A large study is being organized to use AZT to treat people infected with the AIDS virus but who do not have symptoms. The researchers want to determine whether AZT treatment can halt the progression of the virus and prevent symptoms from developing.

In another report, Fauci's group at the National Institutes of Health has been transplanting bone marrow from a healthy twin into the infected brother who has full-blown AIDS to see if this strategy can rebuild the immune system.

Ten AIDS patients have been treated for 12 weeks with AZT and then given bone marrow transplants from their identical twins. Some continue to receive AZT, while others do not.

One patient treated with a bone marrow transplant more than a year and a half ago, and not part of the 10-patient study now under way, is still alive after several transplants, but his course has been rocky, Fauci said. No results are yet available on the 10 patients, and it is not yet clear whether bone marrow transplants -- with or without AZT -- will become a standard treatment.

A number of other drugs are also being tested to determine whether they can boost -- but probably not rebuild -- the immune system.

One, called GMCSF, a hormone that stimulates the production of certain white blood cells, does not appear to have an immediate impact on AIDS, but it may prove useful in preventing some of the opportunistic infections associated with the disease.

Another is IL-2, a natural hormone that stimulates production of white blood cells, including those killed by the AIDS virus. Lane said that IL-2 increases the number of white blood cells in the AIDS patient, but "IL-2 {alone} is of minimal, if any, clinical benefit," he said. But if combined with other drugs such as AZT or interferon, IL-2 could become a powerful treatment.

In the late stages of the disease, AIDS patients "are like time bombs," Fauci said. They develop many different kinds of infections and some unusual cancers. Each of these must be treated as a separate disease in a patient already suffering from AIDS.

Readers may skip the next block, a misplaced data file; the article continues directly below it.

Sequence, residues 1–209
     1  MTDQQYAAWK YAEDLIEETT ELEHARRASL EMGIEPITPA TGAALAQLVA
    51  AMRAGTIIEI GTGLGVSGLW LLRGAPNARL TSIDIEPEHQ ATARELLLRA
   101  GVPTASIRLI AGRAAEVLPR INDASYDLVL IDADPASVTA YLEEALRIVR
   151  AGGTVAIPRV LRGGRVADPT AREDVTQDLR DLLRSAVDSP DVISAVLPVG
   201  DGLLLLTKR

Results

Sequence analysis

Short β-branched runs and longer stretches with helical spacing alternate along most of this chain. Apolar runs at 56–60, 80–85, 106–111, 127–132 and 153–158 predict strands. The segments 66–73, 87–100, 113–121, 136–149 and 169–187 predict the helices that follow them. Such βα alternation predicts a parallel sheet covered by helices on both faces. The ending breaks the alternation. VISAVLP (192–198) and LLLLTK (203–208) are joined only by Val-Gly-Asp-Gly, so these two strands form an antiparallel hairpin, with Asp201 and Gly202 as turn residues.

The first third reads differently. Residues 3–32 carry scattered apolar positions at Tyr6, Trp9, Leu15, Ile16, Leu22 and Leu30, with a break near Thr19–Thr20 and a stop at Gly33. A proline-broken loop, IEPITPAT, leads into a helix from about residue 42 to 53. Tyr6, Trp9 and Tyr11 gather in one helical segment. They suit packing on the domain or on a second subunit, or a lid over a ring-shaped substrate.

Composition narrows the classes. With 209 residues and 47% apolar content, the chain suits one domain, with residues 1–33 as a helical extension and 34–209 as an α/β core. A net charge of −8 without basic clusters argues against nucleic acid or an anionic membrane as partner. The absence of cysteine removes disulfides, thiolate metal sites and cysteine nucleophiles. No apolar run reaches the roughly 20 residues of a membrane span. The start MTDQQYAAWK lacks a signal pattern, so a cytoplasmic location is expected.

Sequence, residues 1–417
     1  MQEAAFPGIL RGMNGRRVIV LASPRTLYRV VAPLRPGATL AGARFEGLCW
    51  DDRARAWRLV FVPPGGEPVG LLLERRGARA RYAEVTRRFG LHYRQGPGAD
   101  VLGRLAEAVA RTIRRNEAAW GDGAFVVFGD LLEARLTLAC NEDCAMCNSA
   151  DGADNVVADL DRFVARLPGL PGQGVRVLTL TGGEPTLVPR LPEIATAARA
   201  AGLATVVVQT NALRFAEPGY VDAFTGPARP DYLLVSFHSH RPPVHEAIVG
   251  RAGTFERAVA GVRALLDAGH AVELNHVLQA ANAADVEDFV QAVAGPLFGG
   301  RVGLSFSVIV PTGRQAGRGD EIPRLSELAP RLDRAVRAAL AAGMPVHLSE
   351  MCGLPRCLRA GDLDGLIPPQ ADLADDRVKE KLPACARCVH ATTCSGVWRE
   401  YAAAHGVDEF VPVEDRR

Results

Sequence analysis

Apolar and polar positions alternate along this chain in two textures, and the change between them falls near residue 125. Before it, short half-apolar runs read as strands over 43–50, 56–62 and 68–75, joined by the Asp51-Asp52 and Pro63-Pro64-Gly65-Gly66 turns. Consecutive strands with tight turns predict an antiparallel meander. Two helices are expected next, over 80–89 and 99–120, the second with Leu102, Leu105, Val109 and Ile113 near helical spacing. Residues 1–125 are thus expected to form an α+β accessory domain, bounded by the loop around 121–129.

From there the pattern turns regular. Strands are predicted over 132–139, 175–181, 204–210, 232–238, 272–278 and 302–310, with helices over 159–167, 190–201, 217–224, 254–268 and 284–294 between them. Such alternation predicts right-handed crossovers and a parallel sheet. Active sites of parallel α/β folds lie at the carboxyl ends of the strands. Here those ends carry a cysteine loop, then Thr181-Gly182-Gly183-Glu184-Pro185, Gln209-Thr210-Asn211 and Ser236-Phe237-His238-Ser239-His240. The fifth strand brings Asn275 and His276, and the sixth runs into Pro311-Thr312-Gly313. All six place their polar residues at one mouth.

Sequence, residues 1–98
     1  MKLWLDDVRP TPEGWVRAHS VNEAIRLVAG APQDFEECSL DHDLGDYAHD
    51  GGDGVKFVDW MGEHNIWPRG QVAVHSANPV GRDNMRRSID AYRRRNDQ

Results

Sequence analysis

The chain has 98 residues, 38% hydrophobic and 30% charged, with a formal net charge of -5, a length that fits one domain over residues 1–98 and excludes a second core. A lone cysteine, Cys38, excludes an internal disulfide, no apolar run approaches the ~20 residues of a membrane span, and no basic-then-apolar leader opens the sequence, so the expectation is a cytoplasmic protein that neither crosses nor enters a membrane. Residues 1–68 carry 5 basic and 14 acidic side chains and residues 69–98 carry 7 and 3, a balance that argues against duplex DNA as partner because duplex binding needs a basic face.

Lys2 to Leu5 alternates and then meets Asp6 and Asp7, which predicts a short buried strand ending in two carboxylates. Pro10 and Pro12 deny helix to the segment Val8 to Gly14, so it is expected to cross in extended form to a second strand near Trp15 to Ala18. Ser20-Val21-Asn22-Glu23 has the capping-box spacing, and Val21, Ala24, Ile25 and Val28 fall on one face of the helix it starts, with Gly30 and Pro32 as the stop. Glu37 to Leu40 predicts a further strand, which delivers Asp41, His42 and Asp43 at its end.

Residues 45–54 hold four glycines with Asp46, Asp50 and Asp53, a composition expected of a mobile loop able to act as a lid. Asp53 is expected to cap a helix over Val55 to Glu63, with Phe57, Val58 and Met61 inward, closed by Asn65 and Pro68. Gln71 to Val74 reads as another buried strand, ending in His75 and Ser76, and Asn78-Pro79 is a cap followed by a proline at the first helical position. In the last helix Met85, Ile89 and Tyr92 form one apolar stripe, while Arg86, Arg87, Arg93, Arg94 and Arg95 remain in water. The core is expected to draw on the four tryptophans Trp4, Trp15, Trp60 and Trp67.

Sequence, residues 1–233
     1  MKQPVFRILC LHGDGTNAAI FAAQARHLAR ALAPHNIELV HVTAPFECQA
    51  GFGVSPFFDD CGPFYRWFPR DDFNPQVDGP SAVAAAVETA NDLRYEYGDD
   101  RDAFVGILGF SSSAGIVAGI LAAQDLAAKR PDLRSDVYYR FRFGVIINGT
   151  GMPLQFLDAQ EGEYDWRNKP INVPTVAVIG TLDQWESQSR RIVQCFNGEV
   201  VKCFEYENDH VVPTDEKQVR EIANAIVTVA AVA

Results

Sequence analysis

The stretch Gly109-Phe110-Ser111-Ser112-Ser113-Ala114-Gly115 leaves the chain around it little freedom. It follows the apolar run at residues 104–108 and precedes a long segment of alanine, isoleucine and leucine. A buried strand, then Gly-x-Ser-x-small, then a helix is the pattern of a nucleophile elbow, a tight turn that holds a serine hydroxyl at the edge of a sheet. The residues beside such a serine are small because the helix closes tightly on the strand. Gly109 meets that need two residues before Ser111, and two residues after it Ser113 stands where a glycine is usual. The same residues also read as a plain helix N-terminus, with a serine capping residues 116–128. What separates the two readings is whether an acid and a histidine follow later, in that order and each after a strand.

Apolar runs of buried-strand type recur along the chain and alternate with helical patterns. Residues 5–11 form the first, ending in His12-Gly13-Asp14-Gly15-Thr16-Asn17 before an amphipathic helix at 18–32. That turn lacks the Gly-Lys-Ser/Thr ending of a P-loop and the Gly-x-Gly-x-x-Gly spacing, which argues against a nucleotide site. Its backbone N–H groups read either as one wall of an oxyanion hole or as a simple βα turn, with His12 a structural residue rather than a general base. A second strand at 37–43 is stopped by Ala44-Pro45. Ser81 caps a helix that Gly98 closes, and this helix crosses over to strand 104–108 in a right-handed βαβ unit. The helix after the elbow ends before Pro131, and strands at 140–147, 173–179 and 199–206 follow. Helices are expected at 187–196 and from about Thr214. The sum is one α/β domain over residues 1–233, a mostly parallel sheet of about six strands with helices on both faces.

Besides progress in fighting the virus, researchers have found a number of treatments to control complications of AIDS.

Two infections, a type of bacterial pneumonia and CMV, cause many of the AIDS deaths. Trimetrexate, a drug similar to the anti-cancer agent methotrexate, appears to work against the pneumonia and cause fewer side effects. Another drug, DHGP, seems effective in controlling CMV, but it has to be taken for the rest of the patient's life.

The progress of the last few years has been rapid, a number of researchers said. Much progress has come from the ability of molecular biologists to dissect the genetic structure of the AIDS virus. Scientists have now isolated most of AIDS viral genes. Understanding the virus' basic machinery has given researchers targets for new drugs.

And the number of targets is small, Lane said. The AIDS virus has only eight genes compared to the 200 or more in CMV. Being less complex, it should be easier to stop.

Said Lane: "We are lucky it is a simple virus."